A donation to the forum removes ads for you, and supports Ivar in his work running it

Advertisement

Unexpected Camino-book: Orlando Furioso

MichaelC

Active Member
Camino(s) past & future
August 2017: Le Puy to Santiago
July 2019: Cammino di Assisi (La Verna to Assisi)
#1
I recently started reading Italo Calvino's guide to the 15th century epic poem Orlando Furioso, and came across a completely unexpected Camino de Santiago reference.

Orlando Furioso, by Ludovico Ariosto, was based upon a series of older myths and legends about Charlemagne's paladins. According to Calvino, Venetian pilgrims on the Camino brought the stories back to Italy. There they were shared and embellished by other pilgrims heading to Rome. It is one of the major epic poems from medieval Italy.

In France the main stories focused on Roland's final battle and death at Roncesvalles (La Chanson de Roland). In Italy the stories were more expansive, and dealt with the various paladins' loves and battles across the known world, from China to the moon.

Interestingly, I have an English-language version that makes no mention at all that these were originally pilgrims' stories.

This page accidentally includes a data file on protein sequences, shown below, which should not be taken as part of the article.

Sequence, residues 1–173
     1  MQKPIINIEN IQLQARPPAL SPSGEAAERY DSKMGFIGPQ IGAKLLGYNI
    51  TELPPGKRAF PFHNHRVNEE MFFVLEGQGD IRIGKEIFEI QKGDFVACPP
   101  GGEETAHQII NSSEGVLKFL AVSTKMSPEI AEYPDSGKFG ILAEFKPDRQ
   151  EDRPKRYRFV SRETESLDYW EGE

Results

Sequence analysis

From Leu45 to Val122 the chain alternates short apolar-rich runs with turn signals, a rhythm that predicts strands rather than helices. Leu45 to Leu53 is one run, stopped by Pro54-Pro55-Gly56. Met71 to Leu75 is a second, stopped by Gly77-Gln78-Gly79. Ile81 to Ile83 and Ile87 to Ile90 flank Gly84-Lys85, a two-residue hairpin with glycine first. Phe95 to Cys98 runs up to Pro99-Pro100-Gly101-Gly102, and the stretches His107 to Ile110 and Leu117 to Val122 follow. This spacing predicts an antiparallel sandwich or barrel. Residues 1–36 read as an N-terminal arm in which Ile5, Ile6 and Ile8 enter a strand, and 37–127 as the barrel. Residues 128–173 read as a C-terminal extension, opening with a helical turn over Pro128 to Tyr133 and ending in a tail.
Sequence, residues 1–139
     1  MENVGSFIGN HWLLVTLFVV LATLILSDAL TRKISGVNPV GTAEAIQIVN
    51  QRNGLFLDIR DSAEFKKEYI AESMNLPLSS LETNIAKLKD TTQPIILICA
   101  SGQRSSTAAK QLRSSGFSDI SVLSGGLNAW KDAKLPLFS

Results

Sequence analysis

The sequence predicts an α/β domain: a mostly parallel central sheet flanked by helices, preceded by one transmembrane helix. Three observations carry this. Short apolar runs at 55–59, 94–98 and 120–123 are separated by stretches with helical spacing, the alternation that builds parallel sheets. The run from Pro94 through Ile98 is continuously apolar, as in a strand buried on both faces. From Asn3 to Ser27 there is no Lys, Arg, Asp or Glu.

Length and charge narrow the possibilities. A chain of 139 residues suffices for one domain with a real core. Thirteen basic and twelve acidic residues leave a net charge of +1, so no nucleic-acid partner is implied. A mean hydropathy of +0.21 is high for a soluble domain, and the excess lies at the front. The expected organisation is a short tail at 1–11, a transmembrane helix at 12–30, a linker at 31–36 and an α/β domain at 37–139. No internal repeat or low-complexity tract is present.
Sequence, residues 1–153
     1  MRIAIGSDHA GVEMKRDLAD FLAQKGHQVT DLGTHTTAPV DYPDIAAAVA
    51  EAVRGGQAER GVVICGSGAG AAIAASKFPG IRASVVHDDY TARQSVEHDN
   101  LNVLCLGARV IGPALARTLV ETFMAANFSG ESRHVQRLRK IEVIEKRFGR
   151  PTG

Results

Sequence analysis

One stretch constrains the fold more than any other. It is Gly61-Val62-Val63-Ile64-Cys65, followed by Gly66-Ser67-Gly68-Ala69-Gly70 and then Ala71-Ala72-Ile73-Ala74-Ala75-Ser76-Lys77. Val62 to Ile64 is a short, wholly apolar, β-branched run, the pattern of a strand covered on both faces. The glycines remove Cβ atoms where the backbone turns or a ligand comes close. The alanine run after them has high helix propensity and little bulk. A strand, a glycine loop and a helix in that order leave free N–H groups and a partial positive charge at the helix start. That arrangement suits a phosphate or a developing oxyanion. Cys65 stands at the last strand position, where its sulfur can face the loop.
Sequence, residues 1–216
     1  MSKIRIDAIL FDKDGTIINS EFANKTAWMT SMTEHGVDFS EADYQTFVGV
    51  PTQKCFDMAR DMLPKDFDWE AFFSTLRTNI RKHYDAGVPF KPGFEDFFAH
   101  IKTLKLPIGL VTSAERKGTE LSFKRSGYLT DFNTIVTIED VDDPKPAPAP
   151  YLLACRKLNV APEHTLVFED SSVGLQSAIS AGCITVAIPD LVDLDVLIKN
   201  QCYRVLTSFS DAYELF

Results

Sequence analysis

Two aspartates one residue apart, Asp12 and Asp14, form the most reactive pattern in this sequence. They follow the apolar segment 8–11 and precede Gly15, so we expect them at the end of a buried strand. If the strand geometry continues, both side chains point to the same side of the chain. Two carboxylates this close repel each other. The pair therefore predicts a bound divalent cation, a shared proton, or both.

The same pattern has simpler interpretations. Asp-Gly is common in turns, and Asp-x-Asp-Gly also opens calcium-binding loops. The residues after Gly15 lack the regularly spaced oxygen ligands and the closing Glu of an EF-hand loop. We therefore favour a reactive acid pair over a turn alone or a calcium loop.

As for the story itself, so far there have been battles to win the hand of a pagan princess, two magic fountains (one fountain of love, and one fountain of hate), a couple powerful female warriors, and a flying hippogriff. And I'm only on the first section! It's set during the Saracen siege of Paris in the 8th century, so I don't think there will be any references to Santiago in the actual poem.
 

Advertisment

Camino(s) past & future
'
#2
Italo Calvino's guide to the 15th century epic poem Orlando Furioso
Thank you for posting this! I enjoy reading your posts about literature related to pilgrimage and/or Spain (and Italy). Most of it is new to me :).

Just a small remark: I'm a bit skeptical about Santiago pilgrims being the only or even main vector for transmitting Roland/Orlando material to Italy. Weren't the chansons de gestes known throughout the countries neighbouring France, independent of pilgrimage? See Chanson de geste (it's only Wikipedia but still ...). Literary themes travelled around Europe and were picked up and remodelled in other languages through many channels.